Grasses are the worldas most important plants. They are the dominant species over large parts of the earthas land surface, a fact that is reflected in the many different words that exist for grasslands, words such as prairie, veldt, palouse, and pampas to mention just a few. As a group, grasses are of major ecological importance, as soil binders and providers of shelter and food for wild animals, both large and small. Some grasses, such as wheat, rice, corn, barley, rye, tef, and sugar cane are major sources of calories for humans and their livestock; others, primarily bamboos, are used for construction, tools, paper, and fabric. More recently, the seed catalogs that tantalize gardeners each winter have borne witness to an increasing appreciation of the aesthetic value of grasses. The Manual of Grasses for North America is designed as a successor to the classic volume by Hitchcock and Chase. It reflects current taxonomic thought and includes keys, illustrations, and distribution maps for the nearly 900 native and 400 introduced species that have been found in North America north of Mexico. In addition, it presents keys and illustrations for several species that are known only in cultivation or are of major agricultural significance, either as progenitors of bread wheat and corn or as a major threat to North American agriculture because of their ability to hybridize with crop species. The Manual of Grasses for North America is a major reference work for grasses that will retain its value for many years.... in moist to wet, loam to rocky soils, in valleys and on mountain slopes at 1900a 4500 m from Yukon Territory to Arizona and New Mexico. ... (2004) treat this species as Sphenopholis interrupta (Buckley) Scribn. subsp. interrupta. ... Native to Europe, west Asia, and north Africa, it was introduced into the Manual region because of its drought resistance, wide soil tolerance, and high palatability to domestic.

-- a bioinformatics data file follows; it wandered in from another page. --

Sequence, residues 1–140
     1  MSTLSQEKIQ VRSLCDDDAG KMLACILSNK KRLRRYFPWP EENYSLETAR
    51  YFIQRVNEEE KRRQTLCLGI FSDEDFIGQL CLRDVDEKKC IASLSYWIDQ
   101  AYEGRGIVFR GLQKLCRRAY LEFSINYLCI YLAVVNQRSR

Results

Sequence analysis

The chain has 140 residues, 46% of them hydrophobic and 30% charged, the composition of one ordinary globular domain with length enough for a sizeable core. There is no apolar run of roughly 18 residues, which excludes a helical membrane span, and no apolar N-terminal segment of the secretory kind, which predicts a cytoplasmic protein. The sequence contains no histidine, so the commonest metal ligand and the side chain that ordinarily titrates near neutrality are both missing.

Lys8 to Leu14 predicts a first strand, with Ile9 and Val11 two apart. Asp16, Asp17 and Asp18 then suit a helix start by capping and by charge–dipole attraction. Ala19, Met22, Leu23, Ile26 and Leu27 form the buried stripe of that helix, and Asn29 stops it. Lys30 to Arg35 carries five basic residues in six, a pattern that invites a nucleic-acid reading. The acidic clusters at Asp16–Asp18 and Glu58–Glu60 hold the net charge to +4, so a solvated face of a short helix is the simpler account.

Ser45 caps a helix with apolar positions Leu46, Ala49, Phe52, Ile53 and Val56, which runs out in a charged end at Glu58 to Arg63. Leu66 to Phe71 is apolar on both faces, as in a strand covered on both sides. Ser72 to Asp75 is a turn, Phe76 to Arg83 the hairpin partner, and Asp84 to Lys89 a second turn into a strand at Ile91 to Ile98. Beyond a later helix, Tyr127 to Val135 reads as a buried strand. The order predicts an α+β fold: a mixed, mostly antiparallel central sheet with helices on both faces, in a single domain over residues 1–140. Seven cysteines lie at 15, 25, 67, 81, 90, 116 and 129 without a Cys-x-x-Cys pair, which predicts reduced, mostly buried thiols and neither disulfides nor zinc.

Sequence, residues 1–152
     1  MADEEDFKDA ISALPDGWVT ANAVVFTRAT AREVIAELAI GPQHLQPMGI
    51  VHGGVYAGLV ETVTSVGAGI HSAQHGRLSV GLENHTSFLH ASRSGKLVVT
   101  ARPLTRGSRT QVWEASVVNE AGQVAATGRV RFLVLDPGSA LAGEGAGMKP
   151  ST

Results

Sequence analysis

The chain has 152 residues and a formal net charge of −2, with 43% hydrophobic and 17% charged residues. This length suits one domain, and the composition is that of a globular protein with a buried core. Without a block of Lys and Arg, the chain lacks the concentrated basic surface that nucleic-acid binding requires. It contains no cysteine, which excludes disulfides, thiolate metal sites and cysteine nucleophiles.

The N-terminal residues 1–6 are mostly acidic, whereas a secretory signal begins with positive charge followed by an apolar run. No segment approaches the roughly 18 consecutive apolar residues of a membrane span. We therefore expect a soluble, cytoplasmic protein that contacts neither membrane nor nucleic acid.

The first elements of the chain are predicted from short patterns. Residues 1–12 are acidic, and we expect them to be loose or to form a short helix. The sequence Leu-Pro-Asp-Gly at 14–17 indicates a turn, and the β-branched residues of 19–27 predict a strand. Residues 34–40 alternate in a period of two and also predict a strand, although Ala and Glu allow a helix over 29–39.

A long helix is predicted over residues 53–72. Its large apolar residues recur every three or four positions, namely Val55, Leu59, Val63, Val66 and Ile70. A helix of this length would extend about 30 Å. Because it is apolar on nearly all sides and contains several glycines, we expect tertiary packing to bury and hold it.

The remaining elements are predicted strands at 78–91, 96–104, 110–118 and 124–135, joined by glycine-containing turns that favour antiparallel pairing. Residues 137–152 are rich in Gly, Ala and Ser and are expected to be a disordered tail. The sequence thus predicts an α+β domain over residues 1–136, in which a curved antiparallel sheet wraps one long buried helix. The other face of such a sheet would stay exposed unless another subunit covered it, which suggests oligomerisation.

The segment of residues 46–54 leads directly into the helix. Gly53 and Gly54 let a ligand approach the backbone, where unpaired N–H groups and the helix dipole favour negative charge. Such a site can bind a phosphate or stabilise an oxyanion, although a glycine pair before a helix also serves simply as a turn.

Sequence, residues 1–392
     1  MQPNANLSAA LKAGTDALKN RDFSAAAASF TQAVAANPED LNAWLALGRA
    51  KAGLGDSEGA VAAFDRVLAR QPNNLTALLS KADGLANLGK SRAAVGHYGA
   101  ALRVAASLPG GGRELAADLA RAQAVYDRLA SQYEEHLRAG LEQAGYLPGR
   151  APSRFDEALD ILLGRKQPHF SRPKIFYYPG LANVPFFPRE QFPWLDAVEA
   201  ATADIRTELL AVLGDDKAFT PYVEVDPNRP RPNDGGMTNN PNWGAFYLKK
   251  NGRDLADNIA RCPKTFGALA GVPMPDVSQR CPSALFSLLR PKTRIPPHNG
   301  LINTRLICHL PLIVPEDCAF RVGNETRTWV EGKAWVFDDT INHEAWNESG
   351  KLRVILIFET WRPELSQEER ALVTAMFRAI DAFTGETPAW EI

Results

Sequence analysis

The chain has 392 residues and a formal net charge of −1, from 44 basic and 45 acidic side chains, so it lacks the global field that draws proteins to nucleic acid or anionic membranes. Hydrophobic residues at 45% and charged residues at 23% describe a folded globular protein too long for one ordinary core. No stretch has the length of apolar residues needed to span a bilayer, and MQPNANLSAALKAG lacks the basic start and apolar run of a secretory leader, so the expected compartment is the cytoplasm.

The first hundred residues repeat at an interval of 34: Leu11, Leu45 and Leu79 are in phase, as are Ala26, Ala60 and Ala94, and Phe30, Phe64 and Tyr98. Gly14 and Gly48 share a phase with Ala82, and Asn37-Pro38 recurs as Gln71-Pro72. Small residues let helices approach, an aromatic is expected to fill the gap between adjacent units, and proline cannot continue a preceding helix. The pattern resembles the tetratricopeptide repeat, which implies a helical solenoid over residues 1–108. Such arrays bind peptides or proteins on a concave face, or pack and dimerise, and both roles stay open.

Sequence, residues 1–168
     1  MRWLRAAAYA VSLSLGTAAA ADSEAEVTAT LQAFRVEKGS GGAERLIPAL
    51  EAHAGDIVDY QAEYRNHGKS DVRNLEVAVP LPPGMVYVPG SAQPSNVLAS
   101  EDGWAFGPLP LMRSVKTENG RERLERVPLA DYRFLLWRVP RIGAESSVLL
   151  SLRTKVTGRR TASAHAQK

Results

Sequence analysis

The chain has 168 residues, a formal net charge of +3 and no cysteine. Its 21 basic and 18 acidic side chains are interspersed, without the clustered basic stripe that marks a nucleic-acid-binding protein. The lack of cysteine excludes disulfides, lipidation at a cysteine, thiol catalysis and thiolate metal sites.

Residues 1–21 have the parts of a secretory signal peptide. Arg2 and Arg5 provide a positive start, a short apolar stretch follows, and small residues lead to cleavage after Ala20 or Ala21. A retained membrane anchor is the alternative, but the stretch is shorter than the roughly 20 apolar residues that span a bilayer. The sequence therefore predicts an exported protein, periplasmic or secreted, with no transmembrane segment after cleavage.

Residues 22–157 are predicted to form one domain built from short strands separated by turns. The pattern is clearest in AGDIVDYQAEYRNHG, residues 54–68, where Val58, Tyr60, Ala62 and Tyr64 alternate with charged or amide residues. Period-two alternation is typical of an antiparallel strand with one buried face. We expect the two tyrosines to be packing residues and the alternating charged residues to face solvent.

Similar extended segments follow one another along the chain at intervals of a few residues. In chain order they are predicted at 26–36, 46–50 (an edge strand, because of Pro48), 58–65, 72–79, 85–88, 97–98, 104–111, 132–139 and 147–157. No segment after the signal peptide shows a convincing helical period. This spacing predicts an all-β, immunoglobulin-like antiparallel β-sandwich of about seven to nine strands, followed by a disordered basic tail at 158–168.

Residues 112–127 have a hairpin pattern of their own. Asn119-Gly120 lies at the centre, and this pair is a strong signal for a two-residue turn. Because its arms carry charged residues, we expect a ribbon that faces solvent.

|Title||:||Manual of Grasses for North America|
|Author||:||Mary E. Barkworth, Laurel K. Anderton, Kathleen M. Capels, Sandy Long, Michael B. Piep|
|Publisher||:||University Press of Colorado - 2007-09-15|